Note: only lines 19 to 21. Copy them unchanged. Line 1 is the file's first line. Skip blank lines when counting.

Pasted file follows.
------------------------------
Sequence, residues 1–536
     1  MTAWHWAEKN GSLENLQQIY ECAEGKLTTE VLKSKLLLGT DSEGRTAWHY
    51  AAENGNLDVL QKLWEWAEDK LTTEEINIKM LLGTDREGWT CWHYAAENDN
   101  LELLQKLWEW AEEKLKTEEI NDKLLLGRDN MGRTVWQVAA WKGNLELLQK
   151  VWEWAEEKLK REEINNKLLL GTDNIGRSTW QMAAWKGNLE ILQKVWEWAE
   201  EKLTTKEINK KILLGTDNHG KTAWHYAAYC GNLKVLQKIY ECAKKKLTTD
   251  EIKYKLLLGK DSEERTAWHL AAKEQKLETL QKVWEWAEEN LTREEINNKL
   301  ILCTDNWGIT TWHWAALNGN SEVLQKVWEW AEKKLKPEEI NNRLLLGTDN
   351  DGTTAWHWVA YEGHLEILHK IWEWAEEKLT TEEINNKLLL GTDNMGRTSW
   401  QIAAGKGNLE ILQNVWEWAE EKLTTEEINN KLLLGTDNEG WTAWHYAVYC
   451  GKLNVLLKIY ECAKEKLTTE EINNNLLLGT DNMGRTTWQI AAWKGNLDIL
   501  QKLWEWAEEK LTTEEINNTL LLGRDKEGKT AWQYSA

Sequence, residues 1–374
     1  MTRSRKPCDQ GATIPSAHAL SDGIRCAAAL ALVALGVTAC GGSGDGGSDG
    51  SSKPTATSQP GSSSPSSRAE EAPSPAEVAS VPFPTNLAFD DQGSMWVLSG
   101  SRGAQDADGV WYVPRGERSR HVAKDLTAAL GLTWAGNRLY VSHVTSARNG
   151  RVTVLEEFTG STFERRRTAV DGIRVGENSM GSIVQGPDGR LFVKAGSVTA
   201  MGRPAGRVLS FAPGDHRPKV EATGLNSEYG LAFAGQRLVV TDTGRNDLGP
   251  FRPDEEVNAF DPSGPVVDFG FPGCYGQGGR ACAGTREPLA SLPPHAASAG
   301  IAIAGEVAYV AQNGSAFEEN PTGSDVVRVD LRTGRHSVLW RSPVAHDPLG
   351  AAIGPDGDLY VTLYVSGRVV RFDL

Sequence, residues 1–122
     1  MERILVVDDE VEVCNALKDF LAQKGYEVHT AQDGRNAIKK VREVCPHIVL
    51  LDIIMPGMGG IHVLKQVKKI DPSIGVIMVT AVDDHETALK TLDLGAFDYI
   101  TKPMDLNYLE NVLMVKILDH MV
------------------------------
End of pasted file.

   251  FRPDEEVNAF DPSGPVVDFG FPGCYGQGGR ACAGTREPLA SLPPHAASAG
   301  IAIAGEVAYV AQNGSAFEEN PTGSDVVRVD LRTGRHSVLW RSPVAHDPLG
   351  AAIGPDGDLY VTLYVSGRVV RFDL